IOC welcomes German athletes to discuss solidarity funding model for Olympic Games
At the invitation of the International Olympic Committee (IOC), German athlete representatives were in Lausanne today to discuss the IOC’s solidarity model for funding the Olympic Games and the athletes. Taking part were the elected representative and Chair of the IOC Athletes’ Commission, Kirsty Coventry; the IOC Director General, Christophe De Kepper; IOC Directors Kit McConnell and Lana Haddad; and the IOC President, Thomas Bach. From the German Olympic Sports Confederation (DOSB), President Alfons Hörmann and CEO Veronika Rücker attended.
The main topics discussed were as follows:
1. The IOC solidarity model was discussed at length: Solidarity is a core principle of the Olympic Games, to support all athletes from all countries, big or small, and from all sports, so as to give everyone an equal opportunity. It was highlighted that the IOC generates and distributes 90 per cent of its revenue via this solidarity model to support the staging of the Olympic Games, including the Organising Committees of the Olympic Games (OCOGs); the Olympic Movement stakeholders (206 National Olympic Committees (NOCs) and 40 International Federations (IFs)); sports development; promotion of the Olympic Movement; engagement with young people; and the protection of clean athletes. This solidarity model makes universal participation at the Olympic Games possible, creating more equality among participating NOCs, and more equality for participating athletes and their sports.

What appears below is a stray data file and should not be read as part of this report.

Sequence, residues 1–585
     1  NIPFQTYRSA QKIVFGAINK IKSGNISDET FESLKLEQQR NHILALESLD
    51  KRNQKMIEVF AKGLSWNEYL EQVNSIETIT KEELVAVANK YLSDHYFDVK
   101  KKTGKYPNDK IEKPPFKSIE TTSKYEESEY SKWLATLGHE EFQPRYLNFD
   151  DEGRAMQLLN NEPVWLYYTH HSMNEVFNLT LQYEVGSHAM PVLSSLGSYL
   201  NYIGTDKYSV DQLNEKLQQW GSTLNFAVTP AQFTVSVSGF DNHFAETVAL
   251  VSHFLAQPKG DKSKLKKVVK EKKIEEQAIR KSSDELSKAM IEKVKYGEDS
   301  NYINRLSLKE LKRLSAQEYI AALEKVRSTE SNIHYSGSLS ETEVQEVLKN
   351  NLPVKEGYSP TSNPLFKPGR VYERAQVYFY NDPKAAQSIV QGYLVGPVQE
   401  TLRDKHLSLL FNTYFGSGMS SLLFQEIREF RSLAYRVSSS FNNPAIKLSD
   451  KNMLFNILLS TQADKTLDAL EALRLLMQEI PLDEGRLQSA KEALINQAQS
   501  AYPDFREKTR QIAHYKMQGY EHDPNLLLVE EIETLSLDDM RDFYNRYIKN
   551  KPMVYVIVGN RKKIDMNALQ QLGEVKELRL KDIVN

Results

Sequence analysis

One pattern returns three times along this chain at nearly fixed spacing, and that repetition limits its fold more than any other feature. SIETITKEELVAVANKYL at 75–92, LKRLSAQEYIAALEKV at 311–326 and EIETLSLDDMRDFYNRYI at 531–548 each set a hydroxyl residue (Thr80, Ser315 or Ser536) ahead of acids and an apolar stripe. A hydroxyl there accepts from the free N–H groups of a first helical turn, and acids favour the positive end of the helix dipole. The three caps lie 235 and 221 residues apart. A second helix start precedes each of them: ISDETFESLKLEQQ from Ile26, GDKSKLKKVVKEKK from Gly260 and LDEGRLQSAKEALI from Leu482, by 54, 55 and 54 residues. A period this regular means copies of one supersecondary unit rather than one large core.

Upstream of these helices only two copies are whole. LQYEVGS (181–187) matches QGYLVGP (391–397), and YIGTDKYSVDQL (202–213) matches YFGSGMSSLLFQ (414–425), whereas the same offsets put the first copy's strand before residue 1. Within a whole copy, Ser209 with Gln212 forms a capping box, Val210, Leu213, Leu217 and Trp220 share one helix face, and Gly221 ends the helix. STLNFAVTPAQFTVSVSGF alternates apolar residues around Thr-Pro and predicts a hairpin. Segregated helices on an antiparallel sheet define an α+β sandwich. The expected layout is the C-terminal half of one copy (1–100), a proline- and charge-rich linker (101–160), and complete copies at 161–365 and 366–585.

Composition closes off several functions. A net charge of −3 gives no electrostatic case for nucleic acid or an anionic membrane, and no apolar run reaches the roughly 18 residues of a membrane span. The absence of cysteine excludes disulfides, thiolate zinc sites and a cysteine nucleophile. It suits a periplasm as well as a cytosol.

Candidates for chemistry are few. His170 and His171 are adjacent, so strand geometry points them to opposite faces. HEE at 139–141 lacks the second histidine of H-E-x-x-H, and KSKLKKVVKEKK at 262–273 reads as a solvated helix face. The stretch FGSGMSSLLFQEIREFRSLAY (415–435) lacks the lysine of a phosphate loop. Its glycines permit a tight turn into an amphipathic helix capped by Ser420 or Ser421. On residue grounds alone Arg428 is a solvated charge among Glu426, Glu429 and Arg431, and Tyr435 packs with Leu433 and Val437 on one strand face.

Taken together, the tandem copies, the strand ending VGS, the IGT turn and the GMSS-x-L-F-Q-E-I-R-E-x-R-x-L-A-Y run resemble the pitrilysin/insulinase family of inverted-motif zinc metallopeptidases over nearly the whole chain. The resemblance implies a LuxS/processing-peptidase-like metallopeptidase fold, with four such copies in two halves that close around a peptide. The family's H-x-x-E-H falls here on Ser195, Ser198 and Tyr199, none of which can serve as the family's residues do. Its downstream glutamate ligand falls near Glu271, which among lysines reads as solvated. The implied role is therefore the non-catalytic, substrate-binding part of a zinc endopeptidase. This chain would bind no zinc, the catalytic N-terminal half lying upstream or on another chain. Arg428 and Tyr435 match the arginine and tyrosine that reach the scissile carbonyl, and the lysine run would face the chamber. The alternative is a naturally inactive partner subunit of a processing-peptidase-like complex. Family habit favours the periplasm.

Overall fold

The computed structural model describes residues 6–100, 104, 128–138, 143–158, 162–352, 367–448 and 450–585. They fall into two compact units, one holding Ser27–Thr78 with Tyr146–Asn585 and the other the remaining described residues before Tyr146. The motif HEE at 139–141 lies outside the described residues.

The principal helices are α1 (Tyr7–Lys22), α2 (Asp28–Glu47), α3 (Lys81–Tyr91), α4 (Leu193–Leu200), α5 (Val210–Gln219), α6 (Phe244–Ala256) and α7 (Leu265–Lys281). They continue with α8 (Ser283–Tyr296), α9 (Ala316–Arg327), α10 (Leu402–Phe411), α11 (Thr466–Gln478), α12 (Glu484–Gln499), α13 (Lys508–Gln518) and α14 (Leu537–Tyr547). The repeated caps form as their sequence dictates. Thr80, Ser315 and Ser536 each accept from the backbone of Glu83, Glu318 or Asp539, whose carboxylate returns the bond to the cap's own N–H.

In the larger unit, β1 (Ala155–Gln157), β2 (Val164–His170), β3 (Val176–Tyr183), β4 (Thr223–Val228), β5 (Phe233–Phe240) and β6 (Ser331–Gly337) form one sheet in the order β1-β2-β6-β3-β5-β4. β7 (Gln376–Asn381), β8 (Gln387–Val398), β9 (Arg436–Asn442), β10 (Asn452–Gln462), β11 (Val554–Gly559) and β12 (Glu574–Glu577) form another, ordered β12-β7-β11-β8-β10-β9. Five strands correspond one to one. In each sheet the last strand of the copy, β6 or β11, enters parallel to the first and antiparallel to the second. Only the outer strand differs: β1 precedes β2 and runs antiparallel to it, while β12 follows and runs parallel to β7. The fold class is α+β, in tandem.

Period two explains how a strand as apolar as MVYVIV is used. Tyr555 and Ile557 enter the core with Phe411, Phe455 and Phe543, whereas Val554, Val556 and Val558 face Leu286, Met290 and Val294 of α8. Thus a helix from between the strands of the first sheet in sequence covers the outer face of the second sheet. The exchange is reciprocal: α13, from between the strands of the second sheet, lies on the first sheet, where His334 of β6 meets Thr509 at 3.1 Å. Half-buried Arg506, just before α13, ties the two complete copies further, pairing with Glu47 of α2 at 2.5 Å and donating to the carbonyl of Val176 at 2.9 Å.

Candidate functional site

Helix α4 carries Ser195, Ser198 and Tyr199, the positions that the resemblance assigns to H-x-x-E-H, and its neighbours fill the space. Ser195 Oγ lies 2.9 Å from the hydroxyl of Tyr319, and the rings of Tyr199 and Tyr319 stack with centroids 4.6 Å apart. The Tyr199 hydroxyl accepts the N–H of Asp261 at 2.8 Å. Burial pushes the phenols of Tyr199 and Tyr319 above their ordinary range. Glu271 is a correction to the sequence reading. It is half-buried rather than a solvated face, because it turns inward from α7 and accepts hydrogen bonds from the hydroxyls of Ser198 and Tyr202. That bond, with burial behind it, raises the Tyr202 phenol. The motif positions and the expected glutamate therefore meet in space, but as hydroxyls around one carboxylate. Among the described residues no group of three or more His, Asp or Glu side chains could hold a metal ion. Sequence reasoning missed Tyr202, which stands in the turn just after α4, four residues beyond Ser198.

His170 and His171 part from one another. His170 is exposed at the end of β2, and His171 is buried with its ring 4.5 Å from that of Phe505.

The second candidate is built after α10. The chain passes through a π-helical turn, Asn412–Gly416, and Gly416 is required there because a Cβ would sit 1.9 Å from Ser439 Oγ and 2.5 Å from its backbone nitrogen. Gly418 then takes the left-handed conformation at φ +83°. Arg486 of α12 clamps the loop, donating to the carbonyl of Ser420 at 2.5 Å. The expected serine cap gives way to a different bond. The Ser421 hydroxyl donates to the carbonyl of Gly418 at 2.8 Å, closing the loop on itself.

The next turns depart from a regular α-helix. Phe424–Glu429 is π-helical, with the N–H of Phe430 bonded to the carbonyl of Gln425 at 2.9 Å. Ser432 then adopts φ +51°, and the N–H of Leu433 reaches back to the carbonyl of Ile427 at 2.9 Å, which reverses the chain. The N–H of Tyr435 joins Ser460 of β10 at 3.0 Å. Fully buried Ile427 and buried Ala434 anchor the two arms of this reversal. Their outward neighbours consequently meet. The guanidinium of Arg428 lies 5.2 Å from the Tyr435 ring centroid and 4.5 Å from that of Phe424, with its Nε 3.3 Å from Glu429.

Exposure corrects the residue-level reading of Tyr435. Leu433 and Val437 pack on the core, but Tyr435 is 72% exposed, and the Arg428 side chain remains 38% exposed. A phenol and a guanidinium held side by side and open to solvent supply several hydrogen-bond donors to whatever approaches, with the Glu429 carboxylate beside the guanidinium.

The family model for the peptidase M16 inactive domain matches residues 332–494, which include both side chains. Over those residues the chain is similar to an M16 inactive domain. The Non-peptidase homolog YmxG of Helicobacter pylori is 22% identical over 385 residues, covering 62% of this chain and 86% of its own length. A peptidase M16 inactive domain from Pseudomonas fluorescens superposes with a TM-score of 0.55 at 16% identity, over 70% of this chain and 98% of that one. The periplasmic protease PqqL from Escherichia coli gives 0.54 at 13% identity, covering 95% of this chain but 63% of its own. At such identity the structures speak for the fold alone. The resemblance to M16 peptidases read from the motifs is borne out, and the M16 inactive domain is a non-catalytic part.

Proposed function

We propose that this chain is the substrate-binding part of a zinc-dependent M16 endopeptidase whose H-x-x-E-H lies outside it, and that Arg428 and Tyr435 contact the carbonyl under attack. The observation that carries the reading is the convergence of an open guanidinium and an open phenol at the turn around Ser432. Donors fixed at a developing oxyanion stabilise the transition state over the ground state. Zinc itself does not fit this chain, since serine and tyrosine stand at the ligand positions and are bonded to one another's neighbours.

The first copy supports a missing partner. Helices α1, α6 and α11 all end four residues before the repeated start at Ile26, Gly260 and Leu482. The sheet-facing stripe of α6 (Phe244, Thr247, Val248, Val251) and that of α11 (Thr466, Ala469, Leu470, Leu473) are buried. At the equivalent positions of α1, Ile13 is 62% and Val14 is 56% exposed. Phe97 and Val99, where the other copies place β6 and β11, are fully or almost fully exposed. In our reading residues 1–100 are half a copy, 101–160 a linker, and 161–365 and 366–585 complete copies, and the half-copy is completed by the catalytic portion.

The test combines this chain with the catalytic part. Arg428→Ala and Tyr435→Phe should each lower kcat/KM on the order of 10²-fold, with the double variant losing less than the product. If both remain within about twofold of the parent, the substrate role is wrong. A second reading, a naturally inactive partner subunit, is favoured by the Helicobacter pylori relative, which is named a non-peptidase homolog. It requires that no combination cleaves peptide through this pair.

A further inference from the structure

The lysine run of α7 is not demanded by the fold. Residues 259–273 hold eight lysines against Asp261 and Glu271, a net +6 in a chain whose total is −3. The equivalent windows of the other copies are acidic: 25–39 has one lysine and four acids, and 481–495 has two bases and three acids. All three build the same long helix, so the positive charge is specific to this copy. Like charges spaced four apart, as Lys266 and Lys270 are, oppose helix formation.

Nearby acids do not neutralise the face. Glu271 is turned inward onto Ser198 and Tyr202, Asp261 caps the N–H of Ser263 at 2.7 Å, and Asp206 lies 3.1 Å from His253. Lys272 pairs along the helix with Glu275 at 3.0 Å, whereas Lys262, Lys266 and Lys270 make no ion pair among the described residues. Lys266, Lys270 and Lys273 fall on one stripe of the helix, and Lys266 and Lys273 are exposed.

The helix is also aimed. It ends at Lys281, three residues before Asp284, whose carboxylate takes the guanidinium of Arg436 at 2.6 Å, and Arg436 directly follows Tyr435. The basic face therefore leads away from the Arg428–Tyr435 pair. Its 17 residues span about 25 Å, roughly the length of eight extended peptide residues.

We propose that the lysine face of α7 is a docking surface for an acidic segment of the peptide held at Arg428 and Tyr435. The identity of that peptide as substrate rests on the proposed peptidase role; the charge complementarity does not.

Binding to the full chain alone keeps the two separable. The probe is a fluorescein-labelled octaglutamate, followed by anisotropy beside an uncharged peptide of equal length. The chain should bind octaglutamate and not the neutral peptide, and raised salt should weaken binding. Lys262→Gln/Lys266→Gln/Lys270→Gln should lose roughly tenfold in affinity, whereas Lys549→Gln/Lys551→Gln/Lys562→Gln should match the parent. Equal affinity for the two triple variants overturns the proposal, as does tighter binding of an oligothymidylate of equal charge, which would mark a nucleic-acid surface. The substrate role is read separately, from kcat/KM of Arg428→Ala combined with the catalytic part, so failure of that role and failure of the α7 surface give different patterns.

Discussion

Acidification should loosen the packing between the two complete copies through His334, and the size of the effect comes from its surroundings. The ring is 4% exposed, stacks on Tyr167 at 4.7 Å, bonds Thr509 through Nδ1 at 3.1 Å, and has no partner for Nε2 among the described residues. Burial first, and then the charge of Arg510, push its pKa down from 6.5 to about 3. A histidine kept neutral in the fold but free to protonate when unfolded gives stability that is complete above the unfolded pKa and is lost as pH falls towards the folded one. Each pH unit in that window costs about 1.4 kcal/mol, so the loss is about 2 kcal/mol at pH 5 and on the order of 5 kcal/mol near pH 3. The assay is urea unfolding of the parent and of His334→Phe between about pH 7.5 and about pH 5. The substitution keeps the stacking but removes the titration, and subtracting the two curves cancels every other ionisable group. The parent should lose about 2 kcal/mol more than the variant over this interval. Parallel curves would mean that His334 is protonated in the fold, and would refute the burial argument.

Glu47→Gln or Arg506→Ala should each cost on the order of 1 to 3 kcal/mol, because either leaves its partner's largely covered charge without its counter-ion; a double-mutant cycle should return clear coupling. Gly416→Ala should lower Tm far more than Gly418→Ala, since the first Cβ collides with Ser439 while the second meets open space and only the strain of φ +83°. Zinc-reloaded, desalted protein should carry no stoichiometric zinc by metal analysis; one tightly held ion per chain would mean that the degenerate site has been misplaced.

It was explained that the IOC’s solidarity model is not profit-oriented but a values-based model. If it were a profit-oriented model, it would for instance not be possible to have all the current Olympic sports as part of the Olympic programme. The same holds true for the athletes’ participation. If it were profit-oriented, the IOC could not support all the 206 NOCs and their athletes, and not all sports.
With regard to the support the IOC gives to athletes, it was explained that athletes’ support takes very different forms in all NOCs. There is no one-size-fits-all approach. For this reason, in addition to the support provided directly by the IOC through various programmes, the IOC also provides funding to the NOCs, leaving it to each individual NOC to customise its support to athletes according to local needs. Each individual NOC decides how to make the best use of the IOC funding. This support takes different forms in different NOCs, ranging from prize money to funding athletes in the time between Olympic Games, investing in sports infrastructure, coaching programmes and many more.
The IOC also contributes substantially to the fight against doping. Fifty per cent of the costs of WADA are covered by the Olympic Movement. And it is estimated that the sports movement contributes close to 300 million dollars annually towards the global anti-doping effort.
With regard to support provided to the IFs, it was pointed out that the IOC contribution helps the IFs to develop their respective sports and keep them functioning and relevant in the time between the Olympic Games. Support for the OCOGs is what makes the Games possible at all, and gives athletes the best possible conditions and a global stage on which to perform. Athletes and officials also benefit from IOC support through free travel, accommodation, medical services and more during the Games.